The process can be reduced pretty well to the following:
Writing the brief – the discipline of setting out what you have, what makes it special and what you need to get done. Do not fight shy of saying what you feel and think as well as what you know. This is your map.
Defining your resources – whom you have on your team, how much time and talent they have. Be clear about what they and you are capable of delivering. Next, how much money do you have to spend? This will determine what you can and cannot do. Never bite off more than you can chew. To embark on a project that is overly ambitious is very foolish.
Examining your options – you have a lot of options. So long as you have a clear brief, then those that most economically and effectively match the objectives you have set should be shortlisted. One word is key here, Focus. Focus on what you are trying to achieve.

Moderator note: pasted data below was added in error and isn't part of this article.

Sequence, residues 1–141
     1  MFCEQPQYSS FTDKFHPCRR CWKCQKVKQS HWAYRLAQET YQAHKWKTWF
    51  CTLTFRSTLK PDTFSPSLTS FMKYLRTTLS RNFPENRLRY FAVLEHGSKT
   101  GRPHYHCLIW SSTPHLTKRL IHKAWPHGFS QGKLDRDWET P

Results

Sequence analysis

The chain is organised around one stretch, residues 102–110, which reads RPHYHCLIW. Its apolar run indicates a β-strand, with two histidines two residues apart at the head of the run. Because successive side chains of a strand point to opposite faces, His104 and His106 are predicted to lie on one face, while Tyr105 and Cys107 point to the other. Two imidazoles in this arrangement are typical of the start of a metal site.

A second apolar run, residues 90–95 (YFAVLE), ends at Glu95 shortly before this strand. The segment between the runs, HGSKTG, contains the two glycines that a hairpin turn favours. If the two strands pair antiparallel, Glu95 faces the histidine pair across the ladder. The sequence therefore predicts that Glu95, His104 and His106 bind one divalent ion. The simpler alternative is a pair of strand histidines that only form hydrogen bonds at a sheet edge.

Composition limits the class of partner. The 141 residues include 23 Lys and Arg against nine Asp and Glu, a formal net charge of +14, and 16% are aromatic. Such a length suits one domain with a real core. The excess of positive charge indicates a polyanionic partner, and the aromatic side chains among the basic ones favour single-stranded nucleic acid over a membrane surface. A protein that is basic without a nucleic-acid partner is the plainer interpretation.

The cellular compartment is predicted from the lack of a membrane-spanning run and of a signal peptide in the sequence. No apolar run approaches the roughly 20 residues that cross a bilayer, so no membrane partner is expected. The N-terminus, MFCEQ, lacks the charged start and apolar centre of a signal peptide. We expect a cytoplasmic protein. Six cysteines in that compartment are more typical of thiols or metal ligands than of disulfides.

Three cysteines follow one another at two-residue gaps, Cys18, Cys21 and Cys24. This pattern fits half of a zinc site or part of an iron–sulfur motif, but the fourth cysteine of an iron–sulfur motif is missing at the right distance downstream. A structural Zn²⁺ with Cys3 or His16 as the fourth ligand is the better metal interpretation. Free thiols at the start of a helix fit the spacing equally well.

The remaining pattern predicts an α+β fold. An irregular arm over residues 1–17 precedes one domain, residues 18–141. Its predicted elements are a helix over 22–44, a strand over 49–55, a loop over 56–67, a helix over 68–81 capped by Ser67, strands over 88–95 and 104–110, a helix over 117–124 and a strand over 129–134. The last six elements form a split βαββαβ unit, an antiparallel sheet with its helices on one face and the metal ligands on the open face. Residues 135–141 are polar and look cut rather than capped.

Writing a clear and detailed plan – the brief is your map; the plan is your itinerary. No one should ever spend a penny of a marketing budget without having a good robust plan.
Executing the plan – interestingly Harvard Business School are now saying it is execution that is more important than strategy. They have dozens of case studies where the strategy was fine and the execution was wanting. This is checklist time. Is everything ready on time? Is everything right? Is everything fitting together? Does the plan feel as though it’s going in the right direction?
Measuring the results – everything you do needs to have an effect. Your job is to measure these. Are sales going up? Is share going up? Are people talking about the campaign? Is there any research to show how awareness, attitude or behaviour is changing? As a result of your review dose anything need changing? Go back to the brief and make sure it still holds water. Never, ever keep pouring good money after bad.